Frantic Final Weekend Before Nov. 7 Election Looms Statewide & in F.C.

DEMOCRATIC gubernatorial candidate, Ralph Northam (center, speaking), enters the home stretch of his campaign this week against Republican opponent, Ed Gillespie (Photo: News-Press)

There’s one final, frenetic weekend to go before the most important election in the U.S. this year. All Virginians, including residents of the City of Falls Church, are being called to weigh in at ballot boxes next Tuesday for the first time since the presidential election of a year ago. Virginia and New Jersey are the only states in the U.S. with elections next week, and Virginia’s is the only one involving serious challenges – for governor, lieutenant governor and attorney general.

The whole nation will be watching to see how voter sentiment has been impacted in the year since the election of Donald Trump. While that impact will be reflected mostly in the statewide races, there are races for state delegate seats all around the commonwealth, and the one indicator already established is that there have never been so many contested elections, due mostly to an upsurge in candidates qualifying to run as Democrats all over historically and predominantly Republican rural areas of the state.

This election also hits right in the lap of Falls Church, not just in terms of the statewide races, but for majorities on both its City Council and School Board, and perhaps as the most impactful item, a school bond referendum that will either pass or fail with a “Yes” or a “No” vote.

A final debate of F.C. School Board members was slated to after press time last night, and in an 11th hour development, F.C. Mayor David Tarter and School Board vice-chair Phil Reitinger issued a joint statement urging a “Yes” vote on the referendum.

“Personally, we support the referendum,” they wrote. “Falls Church is a special place, with a friendly, small-town feel. Our schools are among the best in the region and reflect our shared values,” they wrote. “Yet, we cannot rest on our laurels, nor stop the clock. We must adapt and continue to invest in our future. A modern, 21st century school facility will ensure that education remains at the forefront of our community.” The complete statement is posted in the “Yes” site online.

The quick rundown of what next Tuesday’s ballot looks like is this:

For Virginia governor, it is Democrat Ralph Northam versus Republican Ed Gillespie and Libertarian Clifford Hyra.

For Virginia lieutenant governor, it is Republican Jill Vogel versus Democrat Justin Fairfax.

For Virginia attorney general, it is Democrat incumbent Mark Herring versus Republican John Adams.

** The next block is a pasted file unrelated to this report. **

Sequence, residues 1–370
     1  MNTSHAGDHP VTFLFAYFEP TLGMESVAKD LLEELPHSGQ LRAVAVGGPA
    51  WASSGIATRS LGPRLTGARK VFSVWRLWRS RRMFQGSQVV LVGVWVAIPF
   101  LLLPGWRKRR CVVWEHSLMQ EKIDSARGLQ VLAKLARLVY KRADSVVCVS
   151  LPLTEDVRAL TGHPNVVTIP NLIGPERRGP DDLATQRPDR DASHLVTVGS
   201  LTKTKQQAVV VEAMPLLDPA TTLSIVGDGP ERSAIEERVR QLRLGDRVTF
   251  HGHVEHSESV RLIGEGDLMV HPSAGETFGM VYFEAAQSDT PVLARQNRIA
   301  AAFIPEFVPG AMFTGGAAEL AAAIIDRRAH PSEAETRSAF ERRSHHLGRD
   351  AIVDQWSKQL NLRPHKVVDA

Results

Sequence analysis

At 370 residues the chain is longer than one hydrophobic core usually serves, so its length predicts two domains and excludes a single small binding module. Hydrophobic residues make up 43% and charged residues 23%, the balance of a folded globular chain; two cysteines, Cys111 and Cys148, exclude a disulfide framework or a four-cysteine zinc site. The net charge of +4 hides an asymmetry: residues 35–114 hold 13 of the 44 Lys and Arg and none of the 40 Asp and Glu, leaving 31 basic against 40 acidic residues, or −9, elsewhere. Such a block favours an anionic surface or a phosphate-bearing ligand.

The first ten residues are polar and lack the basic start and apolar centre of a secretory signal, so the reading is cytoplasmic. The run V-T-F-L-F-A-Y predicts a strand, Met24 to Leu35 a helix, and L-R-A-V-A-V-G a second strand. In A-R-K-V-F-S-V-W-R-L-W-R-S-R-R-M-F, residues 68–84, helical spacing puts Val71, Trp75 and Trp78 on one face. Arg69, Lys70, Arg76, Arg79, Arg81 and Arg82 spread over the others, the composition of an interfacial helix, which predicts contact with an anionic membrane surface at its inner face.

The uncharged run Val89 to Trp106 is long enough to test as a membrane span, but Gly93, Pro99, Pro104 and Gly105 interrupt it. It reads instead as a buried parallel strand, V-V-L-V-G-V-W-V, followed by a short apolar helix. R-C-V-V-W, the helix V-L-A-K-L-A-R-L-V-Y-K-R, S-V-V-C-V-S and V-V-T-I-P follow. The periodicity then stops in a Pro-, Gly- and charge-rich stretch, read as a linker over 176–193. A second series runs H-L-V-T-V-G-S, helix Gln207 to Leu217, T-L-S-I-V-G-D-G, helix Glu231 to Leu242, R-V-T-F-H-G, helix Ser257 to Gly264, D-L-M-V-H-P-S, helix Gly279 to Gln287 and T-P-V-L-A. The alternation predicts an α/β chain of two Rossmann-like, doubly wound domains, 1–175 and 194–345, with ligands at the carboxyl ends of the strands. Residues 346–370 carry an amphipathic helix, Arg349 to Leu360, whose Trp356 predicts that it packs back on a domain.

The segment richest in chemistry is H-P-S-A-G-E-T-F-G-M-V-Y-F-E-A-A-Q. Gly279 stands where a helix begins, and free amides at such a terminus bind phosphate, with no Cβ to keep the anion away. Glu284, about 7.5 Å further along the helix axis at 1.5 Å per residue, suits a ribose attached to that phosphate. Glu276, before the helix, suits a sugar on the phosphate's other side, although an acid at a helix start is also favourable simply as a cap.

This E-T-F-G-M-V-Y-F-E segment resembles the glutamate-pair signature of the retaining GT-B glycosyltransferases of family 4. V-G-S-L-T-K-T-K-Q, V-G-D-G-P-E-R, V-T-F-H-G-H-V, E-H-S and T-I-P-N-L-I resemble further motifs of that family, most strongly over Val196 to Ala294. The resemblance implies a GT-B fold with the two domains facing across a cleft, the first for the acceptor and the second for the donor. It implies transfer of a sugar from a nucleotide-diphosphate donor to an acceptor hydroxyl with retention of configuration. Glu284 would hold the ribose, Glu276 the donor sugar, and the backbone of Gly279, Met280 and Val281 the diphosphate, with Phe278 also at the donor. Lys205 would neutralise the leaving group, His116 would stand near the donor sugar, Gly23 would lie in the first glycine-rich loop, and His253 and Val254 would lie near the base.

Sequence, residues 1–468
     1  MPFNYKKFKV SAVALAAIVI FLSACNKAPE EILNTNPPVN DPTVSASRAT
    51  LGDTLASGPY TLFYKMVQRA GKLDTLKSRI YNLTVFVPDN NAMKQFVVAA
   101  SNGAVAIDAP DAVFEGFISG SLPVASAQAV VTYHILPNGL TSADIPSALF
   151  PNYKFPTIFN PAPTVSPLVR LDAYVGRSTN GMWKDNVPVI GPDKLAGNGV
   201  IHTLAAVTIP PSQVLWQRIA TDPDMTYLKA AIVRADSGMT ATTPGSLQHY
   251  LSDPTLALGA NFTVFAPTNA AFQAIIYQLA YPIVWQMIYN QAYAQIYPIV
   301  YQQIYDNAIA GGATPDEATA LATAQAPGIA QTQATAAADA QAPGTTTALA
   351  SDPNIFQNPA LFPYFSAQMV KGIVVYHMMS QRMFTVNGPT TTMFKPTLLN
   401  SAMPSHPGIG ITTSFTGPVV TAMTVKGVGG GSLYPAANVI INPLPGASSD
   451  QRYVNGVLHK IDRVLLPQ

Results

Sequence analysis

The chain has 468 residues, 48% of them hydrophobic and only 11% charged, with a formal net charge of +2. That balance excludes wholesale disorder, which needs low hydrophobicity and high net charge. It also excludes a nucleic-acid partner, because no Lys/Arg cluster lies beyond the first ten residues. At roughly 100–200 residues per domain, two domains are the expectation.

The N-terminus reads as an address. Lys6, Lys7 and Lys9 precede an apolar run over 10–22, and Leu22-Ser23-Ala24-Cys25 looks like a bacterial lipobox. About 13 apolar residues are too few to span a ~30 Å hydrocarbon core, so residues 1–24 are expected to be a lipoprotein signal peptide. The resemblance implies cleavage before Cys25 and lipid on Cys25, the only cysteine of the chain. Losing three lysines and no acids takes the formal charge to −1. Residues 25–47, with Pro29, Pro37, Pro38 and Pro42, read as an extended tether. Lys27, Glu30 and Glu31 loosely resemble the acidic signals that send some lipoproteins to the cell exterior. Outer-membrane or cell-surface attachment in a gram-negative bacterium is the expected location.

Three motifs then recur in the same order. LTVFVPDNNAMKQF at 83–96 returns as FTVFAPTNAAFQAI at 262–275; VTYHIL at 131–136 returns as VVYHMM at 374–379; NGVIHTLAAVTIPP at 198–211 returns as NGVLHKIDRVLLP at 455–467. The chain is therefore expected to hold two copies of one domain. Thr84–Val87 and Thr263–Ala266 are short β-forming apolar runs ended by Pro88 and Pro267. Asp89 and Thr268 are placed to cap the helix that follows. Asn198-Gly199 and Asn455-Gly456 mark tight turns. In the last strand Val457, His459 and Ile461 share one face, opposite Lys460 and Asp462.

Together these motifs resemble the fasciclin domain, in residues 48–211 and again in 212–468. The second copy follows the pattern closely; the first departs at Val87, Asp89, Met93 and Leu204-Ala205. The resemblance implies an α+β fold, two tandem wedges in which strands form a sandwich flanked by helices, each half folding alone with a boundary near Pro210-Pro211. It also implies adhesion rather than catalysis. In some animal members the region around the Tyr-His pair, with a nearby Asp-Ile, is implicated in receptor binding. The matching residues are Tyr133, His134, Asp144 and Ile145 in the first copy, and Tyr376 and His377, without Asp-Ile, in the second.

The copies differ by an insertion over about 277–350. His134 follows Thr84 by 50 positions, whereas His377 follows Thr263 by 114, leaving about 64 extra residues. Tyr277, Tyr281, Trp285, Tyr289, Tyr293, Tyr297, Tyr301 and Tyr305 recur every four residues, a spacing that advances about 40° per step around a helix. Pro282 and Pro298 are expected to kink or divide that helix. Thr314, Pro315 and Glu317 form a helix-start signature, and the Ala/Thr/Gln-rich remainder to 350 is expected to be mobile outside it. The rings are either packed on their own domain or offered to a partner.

For Virginia house of delegates from the 53rd District it is Democrat incumbent Marcus Simon versus independent Mike Casey.

For Falls Church’s Commissioner of the Revenue, Sheriff and Treasurer, it is incumbents Tom Clinton, Steve Bittle and Jody Acosta, all running unopposed.

For Falls Church City Council, four seats are being contested by six candidates, including incumbent David Snyder, incumbent Dan Sze, incumbent Marybeth Connelly, Ross Litkenhous, Dan Maller and Spencer Parsons. All but Parsons have run active campaigns.

For Falls Church School Board, four seats are being contested by six candidates, including incumbent Lawrence Webb, Gregory Anderson, Alison Kutchma, Shawna Russell, Richard Crespin and Shannon Litton.

The School Bond referendum asks voters the following question: “Shall the City of Falls Church, Virginia, contract a debt and issue its general obligation bonds not to exceed one hundred twenty million dollars for the purpose of paying the costs incident to constructing, expanding, reconstructing, renovating, equipping and/or re-equipping, in whole or in part, a new or improved high school and part of a middle school in the City of Falls Church, and shall Ordinance No. 1976 of the City authorizing the issuance of such bonds be effective?” It is be followed by boxes for a “Yes” and a “No” vote.

Voters have already and will continue to cast absentee ballots by mail or at the Registrar’s office at City Hall, 300 Park Avenue, through Monday, and come Tuesday, Nov. 7, three polling places in the City will be open from 6 a.m. – 7 p.m. The locations are Thomas Jefferson School, 601 S. Oak, the Oakwood Apartments, 501 Roosevelt in the Main Building conference room, and the Falls Church Community Center, 223 Little Falls St.

The News-Press endorsements for the election are contained in its editorial on Page 6 of this edition.
The school bond referendum has received overwhelming support from the City’s leaders, including Tarter and Reitinger mentioned above, incumbent School Board chair Lawrence Webb, all the City’s parent-teacher (and student) associations, the F.C. Chamber of Commerce, and former Superintendent Dr. Robert Schiller.

State Del. Simon has said he’s hoping a high voter turnout in the City and Northern Virginia will help “pad” the lead for the Democrats’ statewide ticket, which is facing a very close outcome. Recent days’ strongly negative turn in the advertising for the gubernatorial race, in particular, has heightened concern.